In the wake of last week’s trade with Atlanta, an article at FanGraphs by Jeff Sullivan asserted that Jose Peraza was a lot like Brandon Phillips. Certainly, some reasonable points were made in the piece, especially regarding batted ball profile, and I encourage you to go read that piece first. Go ahead, I’ll wait.




Okay, are you back? As I was saying, Sullivan made some reasonable points in that article. In general, however, I respectfully disagree. The primary problem is that the FanGraphs piece mostly ignores who Phillips was as a player when he was Peraza’s age. Let’s look at different aspects of their games when Phillips was younger and see what the comparisons are like:


Phillips, at his best, was all-world defensively. I don’t need to tell you this. Peraza, while not a bad defender, is unlikely ever to win a gold glove. His issues mostly have to do with his lateral range being somewhat less than ideal. His arm is solid enough for short or second. The point, however, is that he’ll never be BP defensively.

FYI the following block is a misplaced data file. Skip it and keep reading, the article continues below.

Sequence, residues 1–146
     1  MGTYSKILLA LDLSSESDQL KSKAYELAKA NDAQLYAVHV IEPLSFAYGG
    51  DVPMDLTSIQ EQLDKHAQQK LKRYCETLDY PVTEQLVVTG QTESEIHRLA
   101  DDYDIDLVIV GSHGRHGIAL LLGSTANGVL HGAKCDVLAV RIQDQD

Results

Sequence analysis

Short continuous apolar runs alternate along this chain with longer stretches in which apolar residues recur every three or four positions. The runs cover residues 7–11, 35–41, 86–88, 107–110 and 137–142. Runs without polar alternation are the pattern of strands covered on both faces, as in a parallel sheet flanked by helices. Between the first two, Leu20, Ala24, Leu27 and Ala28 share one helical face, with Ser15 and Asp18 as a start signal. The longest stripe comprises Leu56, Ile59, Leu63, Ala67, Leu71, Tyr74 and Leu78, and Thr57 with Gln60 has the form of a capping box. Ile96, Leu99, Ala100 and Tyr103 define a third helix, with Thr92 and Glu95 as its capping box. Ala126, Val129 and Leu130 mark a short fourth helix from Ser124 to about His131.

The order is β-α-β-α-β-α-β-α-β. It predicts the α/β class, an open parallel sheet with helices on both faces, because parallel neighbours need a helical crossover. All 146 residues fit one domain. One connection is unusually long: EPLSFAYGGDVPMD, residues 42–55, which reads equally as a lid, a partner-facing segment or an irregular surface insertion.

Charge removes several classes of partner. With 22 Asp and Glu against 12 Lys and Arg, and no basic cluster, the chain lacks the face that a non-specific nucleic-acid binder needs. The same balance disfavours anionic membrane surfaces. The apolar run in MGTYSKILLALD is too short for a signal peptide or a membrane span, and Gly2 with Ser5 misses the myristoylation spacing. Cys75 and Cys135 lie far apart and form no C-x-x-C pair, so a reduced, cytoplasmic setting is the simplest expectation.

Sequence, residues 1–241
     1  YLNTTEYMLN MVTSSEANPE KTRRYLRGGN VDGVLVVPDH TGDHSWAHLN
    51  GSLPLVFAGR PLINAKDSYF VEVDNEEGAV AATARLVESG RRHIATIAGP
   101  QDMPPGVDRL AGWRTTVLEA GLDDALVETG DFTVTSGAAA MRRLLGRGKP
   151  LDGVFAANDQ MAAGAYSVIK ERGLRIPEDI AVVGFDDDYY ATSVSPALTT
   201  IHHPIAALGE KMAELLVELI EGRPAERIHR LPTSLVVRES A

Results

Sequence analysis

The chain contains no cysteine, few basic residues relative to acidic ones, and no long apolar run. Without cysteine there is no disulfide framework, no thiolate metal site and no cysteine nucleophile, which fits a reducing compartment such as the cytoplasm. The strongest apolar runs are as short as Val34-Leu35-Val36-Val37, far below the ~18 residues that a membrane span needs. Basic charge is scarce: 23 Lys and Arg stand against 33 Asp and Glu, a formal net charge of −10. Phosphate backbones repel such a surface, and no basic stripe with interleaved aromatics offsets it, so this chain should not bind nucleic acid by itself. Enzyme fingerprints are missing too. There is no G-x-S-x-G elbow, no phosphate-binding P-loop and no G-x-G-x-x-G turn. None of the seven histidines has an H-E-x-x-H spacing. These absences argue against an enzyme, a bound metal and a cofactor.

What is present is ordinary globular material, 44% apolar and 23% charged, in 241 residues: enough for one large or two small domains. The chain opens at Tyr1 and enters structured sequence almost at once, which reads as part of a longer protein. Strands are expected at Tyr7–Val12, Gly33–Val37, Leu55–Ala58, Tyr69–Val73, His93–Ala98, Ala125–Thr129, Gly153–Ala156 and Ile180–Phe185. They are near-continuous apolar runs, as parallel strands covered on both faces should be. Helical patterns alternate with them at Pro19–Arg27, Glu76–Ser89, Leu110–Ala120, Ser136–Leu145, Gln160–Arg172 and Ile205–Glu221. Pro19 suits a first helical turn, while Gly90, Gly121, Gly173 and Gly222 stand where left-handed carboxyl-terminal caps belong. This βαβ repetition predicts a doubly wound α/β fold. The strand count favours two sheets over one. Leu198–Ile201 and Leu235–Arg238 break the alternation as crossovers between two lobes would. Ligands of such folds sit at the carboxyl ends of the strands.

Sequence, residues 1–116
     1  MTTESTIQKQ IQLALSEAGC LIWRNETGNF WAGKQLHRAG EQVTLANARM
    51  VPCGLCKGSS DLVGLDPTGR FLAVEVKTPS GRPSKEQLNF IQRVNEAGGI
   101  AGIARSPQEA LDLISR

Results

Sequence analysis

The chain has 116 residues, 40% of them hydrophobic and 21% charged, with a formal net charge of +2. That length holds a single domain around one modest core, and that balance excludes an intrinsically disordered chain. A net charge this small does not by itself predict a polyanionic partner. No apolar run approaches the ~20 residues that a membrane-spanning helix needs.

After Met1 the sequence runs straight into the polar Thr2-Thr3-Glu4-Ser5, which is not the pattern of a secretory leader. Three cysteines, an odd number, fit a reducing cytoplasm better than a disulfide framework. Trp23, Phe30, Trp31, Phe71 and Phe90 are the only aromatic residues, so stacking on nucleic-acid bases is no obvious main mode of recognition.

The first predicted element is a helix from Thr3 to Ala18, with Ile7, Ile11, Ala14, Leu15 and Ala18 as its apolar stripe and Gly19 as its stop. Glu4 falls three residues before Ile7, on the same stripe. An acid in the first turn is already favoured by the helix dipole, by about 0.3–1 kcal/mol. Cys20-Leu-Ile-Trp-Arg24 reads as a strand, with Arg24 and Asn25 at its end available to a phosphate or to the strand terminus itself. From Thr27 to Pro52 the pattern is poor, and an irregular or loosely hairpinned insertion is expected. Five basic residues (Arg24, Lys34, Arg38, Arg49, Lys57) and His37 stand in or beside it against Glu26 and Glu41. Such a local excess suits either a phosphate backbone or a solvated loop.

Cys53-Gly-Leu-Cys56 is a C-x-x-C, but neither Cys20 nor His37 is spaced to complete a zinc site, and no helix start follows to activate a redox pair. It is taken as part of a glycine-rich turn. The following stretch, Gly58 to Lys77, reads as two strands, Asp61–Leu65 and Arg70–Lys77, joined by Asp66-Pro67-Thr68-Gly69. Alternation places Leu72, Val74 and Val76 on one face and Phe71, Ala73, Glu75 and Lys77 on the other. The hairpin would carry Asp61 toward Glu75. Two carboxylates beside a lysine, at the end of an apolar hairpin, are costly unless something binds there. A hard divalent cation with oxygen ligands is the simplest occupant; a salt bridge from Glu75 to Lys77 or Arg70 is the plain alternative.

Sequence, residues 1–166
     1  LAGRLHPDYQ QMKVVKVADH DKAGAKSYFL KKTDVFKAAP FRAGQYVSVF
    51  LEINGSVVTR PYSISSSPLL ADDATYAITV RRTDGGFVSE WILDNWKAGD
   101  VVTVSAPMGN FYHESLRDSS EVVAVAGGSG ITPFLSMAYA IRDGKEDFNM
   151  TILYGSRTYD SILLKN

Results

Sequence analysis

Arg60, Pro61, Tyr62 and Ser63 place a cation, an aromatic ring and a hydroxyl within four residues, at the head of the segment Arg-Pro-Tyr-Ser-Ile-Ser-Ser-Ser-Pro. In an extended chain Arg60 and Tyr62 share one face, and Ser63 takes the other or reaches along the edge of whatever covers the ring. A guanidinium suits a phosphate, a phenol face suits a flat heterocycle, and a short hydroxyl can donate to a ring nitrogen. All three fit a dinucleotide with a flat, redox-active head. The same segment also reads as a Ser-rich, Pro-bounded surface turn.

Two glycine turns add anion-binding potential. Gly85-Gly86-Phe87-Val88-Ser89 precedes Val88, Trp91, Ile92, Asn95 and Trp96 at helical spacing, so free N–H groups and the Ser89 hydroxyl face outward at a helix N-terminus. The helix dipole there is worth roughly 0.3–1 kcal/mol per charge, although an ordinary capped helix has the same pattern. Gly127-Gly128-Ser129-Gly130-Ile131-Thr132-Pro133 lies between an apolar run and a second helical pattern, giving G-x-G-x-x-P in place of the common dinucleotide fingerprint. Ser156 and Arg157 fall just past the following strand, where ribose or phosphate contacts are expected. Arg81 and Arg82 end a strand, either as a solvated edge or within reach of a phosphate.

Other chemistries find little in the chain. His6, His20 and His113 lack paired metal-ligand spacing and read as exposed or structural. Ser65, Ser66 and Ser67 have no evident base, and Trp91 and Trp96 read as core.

Phillips, for most of his career, had solid power. It’s evaporated over the last few years, but that doesn’t make the early part of his career a mirage. Peraza has about as much power as Phillips currently has. This is not necessarily a problem, but power simply isn’t Peraza’s strength. In terms of power, Dilson Herrera is a much better match for Phillips.


Now, here’s a place where Peraza outshines Phillips. He is much, much faster than BP ever was. In fact, were it not for Hamilton, Peraza might be the fastest player in the organization. Given a full year of playing time, I would be absolutely shocked if he didn’t steal at least 40 bases with 50-60 more likely. Peraza brings a lot of value with his speed.

Contact/Plate Discipline

Peraza profiles right now has a high-contact, low-walk hitter. At the beginning of last season in Louisville, I noticed he wasn’t the free swinger we’d been led to expect and when I asked him about it, he said it was something he was working on. In Cincinnati, he seemed to return to his free-swinging ways, so the jury is still out. That said, he’s unlikely ever to walk a ton.

Peraza does, however, have excellent contact skills. He strikes out less than BP (who never struck out a ton) and his speed means he generally maintains a high BABIP. As with most contact-dependent hitters, we can reasonably assume that he’ll have big swings in results from year to year as the luck dragon treats him differently.